Other significant scientists, while disagreeing with Watson's statements, have previously defended his legal right to make them, and argued institutions such as Cold Spring should continue to give him a platform to propound them.
No one in science disputes the significance of the discovery to which Watson's name will forever be attached. Identifying the structure of DNA was arguably the most important scientific achievement of the 20th century, unleashing as it did all the genetic analysis and modification of genes that followed.
There's more debate on Watson's share of the credit. Modern science is a collaborative effort, and often only a few names get all the public credit for group efforts. In the case of DNA, it is Watson and his collaborator Francis Crick who have received the accolades, but it's unlikely they would have solved the problem without Franklin's work. Moreover, if Watson had bothered to listen to what Franklin had to say in a lecture he attended, instead of obsessing on her gender and appearance, it's likely the structure of DNA would have been solved more than a year earlier.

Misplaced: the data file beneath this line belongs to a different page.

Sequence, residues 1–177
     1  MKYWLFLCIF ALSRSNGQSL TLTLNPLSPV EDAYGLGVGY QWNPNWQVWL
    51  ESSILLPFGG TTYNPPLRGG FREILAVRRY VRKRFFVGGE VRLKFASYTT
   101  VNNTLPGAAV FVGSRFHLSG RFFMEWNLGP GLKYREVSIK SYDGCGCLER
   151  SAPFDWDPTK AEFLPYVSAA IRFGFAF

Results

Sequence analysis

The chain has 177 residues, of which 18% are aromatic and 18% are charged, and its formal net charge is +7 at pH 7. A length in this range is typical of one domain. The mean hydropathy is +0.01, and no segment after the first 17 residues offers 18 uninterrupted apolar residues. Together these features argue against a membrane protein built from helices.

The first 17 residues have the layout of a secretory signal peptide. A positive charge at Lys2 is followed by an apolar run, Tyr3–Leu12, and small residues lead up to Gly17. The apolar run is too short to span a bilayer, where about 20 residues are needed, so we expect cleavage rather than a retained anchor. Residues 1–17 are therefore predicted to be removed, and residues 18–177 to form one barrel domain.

Unfortunately, a culture of lionizing superstars allows prominent figures to harm the careers of others. If you consider science to be mainly the work of a few geniuses, you might be willing to overlook their flaws. However, those who believe most of the millions of scientific papers published each year advance human knowledge, and think the cumulative contribution of their many little-known authors outweighs that of the big names, are much more concerned about the environment the best-known figures make for others.
We'll never know what the female and non-white scientists whose careers Watson obstructed might have achieved but in future, their younger counterparts may get a chance to show.